A handy list of things we must do when we have just been handed the rejection slip.
Most of us have been at the receiving end of rejections at the end of job interviews.
In India, a rejection often comes in the form of a long (really, long) silence at the end of what you may have thought was a fantastic interview.
In some ways it is a good thing -- not having to hear a 'no' but in several other ways the long silence can be terribly agonising.
So what do you do when your interviewer (or their HR) suddenly goes silent?
1. Get the hint
Several of us are unable to comprehend the long silences.
Yes, an employer ought to let you know you've been rejected but this practice isn't very common in India.
So when two or three (no more) attempts to reach out to them fall on deaf years, know that they're not interested.
It isn't very unlike being dumped by your lover... except it is purely professional.
And that is exactly how you should deal with it -- professionally!
Do not stalk them (actually we wouldn't recommend stalking your ex lover too).
Do not expect them to spell out 'NO' for you.
And certainly do not accuse them of being unprofessional because they didn't call you back... you never know when you might need to approach them again.
Just get the hint and move on.
2. Know that 'No' is not the end of the world
Sure rejection can be very difficult to deal with but also know that there are worse things that could happen to you than being rejected at a job interview.
It is not the end of the world.
Sulk around if it makes you feel better but don't let it take over your day and your life.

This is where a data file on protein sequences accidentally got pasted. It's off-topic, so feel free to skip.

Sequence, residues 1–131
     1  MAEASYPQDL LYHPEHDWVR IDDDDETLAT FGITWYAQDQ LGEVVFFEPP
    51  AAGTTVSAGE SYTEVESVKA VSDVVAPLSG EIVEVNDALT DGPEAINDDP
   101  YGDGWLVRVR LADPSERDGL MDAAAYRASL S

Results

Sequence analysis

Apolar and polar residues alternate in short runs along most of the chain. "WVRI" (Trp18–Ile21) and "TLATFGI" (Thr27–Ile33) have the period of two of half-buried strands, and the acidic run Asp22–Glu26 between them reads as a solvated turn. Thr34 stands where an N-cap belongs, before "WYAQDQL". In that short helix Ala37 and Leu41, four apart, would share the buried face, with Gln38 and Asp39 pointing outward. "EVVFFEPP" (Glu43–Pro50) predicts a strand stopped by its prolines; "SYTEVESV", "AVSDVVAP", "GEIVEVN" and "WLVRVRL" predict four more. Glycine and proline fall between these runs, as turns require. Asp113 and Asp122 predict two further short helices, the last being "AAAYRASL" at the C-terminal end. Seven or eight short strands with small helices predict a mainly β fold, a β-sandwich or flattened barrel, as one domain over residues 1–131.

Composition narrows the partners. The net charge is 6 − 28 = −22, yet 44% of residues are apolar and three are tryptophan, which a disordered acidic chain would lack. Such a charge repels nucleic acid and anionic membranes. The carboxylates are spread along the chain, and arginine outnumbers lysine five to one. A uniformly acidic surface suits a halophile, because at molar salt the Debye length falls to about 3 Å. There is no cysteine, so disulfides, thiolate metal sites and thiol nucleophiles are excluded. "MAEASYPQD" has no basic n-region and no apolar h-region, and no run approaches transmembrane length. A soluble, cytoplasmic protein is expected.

Buck up and move on!
3. Ask yourself if that job really up your alley
India is a country with high attrition rates.
With so many options available today, quitting your job is one of the easiest things for you to do.
It is perfectly possible that you may have just wanted to move out of your current organisation but not necessarily into the one that interviewed you.
It also possible that your interviewers there discovered that before you did.
So ask yourself: Is this a job that I see myself doing for the next couple of years? Is this the company I would like to be working for? Would I be okay reporting to the people who have interviewed me?
And yes don't lie to yourself.
4. Seek feedback
This one too is slightly tricky considering not a lot of organisations may be interested in giving you a feedback.
But do not let that stop you from asking.
It will help you grow as an individual and help you improve in your next interviews.
If you have approached them through a head hunter, approach her/him. There is a good chance s/he will give you an honest feedback since your placement will ensure them a commission! :-)
5. Send them a thank you note
Yes! Even if you are rejected!
Don't let your thank you note be a rambling essay.
Instead, in brief, thank them for their time and courtesy, express your disappointment for not getting the job; tell them it was nice to have met them and let them know you remain keen to work in their organisation (if you mean it) and request them to get in touch with you should there be an opening.
6. Stay in touch
Again, don't stalk. Drop in an email or a LinkedIn note or an occasional SMS (if they've given you their number).
Don't stay in touch in the hope of getting a job; do it in the spirit of building your network.
Be smart; be subtle.
7. Start preparing for your next interviews
Just as you would do in the case of a broken relationship, pick up your life and move on.
Think back at what you may have done wrong; work on your weaknesses and work on them.
Start looking for other opportunities; prepare for your next interviews.
8. Know it might just be a blessing in disguise
Ok this might sound like sour grapes but deep down you know it is true because finally we all believe in Satya Nadella's woefully misused word -- Karma :-)
So take it easy; take a deep breath and start over!